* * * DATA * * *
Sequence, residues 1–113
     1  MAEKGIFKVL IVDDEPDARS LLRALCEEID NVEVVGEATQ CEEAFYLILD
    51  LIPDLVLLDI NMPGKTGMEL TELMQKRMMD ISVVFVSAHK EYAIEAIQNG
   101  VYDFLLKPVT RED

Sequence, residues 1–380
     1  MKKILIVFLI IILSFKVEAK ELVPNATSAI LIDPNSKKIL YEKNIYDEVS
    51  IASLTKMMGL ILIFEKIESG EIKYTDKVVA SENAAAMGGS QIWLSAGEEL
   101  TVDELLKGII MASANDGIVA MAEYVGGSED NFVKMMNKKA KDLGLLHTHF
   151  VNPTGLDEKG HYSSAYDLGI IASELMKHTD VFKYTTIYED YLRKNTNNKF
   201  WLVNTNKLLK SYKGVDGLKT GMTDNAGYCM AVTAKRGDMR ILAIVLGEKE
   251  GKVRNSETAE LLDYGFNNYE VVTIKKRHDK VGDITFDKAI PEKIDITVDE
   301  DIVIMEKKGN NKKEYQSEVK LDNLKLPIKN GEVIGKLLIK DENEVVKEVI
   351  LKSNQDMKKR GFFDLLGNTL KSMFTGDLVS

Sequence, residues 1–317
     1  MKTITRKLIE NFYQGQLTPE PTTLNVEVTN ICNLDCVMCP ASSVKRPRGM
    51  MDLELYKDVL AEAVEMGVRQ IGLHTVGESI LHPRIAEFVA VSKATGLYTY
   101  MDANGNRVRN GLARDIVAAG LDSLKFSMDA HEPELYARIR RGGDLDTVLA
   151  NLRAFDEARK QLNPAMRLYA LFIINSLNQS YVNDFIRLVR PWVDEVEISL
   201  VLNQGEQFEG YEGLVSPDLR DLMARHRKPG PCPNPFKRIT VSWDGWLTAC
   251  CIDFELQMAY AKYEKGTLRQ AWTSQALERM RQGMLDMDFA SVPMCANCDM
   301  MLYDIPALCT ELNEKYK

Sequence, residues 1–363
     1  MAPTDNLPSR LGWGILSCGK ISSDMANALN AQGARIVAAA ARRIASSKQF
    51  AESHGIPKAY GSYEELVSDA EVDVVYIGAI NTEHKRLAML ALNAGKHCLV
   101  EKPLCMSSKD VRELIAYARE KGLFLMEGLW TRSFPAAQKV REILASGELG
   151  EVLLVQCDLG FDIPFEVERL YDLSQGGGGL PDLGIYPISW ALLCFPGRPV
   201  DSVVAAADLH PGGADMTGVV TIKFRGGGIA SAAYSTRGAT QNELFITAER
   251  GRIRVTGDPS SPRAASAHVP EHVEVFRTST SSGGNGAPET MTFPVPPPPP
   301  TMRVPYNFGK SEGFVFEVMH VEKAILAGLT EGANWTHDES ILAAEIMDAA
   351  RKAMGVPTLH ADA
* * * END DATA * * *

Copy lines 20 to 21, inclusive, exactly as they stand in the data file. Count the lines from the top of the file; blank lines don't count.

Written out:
   251  CIDFELQMAY AKYEKGTLRQ AWTSQALERM RQGMLDMDFA SVPMCANCDM
   301  MLYDIPALCT ELNEKYK